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Linking local species coexistence to ecosystem functioning: a conceptual framework from ecological first principles in grassland ecosystems



Abstract

One of the unifying goals of ecology is understanding the mechanisms that drive ecological patterns. For any particular observed pattern, ecologists have proposed varied mechanistic models. However, in spite of their differences, all of these mechanistic models rely on either abiotic conditions or biotic conditions, our "ecological first principles". These major components underlie all of the major mechanistic explanations for patterns of diversity like the latitudinal gradient in diversity, the maintenance of diversity, and the (often positive) biodiversity-ecosystem functioning relationship. These components and their interactions alter the dynamics of plant populations, which ultimately determine local coexistence at the community level, and functioning at the ecosystem level. We present a review, starting from ecological first principles of the ways in which ecosystem functioning may be linked to local coexistence in plant communities via mutual effects on and reactions to the abiotic and biotic conditions in which they are imbedded.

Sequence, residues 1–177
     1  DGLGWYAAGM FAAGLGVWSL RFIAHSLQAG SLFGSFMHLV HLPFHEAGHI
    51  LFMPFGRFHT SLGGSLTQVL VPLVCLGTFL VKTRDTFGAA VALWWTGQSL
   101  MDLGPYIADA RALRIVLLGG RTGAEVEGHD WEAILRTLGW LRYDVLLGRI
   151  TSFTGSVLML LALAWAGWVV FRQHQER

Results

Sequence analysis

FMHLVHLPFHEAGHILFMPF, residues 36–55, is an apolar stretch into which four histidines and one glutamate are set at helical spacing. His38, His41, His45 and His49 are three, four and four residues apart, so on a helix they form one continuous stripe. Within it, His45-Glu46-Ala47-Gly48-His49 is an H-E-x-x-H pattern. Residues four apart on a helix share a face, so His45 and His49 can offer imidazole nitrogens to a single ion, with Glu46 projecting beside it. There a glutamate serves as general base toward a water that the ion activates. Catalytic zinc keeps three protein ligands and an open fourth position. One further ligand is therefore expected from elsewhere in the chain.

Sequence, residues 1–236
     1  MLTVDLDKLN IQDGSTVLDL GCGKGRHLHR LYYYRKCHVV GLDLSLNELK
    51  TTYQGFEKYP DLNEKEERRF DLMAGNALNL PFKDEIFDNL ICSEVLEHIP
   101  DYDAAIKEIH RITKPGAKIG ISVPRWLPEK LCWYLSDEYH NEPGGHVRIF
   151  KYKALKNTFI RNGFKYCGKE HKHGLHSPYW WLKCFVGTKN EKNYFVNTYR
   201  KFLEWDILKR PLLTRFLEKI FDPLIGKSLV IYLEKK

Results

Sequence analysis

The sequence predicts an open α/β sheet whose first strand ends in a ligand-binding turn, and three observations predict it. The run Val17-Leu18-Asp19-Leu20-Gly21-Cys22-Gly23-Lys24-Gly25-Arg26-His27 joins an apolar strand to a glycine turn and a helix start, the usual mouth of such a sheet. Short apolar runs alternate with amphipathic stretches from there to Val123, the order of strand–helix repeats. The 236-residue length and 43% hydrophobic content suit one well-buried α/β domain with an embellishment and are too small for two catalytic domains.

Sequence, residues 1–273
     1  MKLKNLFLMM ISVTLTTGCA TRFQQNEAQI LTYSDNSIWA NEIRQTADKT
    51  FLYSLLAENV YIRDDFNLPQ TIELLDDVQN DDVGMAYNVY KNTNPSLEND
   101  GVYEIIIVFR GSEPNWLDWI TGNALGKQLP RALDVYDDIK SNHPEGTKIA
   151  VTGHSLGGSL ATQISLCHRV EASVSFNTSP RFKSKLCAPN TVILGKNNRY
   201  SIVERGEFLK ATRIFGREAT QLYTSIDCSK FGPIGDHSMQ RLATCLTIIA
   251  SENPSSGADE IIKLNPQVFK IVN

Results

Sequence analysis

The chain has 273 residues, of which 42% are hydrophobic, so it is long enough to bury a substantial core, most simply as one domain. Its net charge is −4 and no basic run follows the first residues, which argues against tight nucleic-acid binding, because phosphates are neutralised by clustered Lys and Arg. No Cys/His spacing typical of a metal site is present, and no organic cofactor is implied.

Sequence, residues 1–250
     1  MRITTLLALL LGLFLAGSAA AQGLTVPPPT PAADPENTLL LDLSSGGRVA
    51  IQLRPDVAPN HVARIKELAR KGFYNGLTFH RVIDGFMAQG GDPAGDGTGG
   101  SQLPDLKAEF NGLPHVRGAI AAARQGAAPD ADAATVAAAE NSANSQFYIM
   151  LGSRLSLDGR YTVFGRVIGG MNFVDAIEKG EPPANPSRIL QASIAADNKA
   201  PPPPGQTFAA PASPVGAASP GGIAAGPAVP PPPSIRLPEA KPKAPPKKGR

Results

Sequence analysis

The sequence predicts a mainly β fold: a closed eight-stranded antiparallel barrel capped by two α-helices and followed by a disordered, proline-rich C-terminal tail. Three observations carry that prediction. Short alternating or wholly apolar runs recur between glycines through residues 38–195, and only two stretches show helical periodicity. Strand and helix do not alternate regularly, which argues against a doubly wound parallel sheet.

Citation:

Barry, K. E., de Kroon, H., Dietrich, P., Harpole, W. S., Roeder, A., Schmid, B. (2019). Linking local species coexistence to ecosystem functioning: a conceptual framework from ecological first principles in grassland ecosystems. Advances in Ecological Research, 61, 265-296. https://doi.org/10.1016/bs.aecr.2019.06.007

Meldung vom: 12.07.2019 13:43 Uhr
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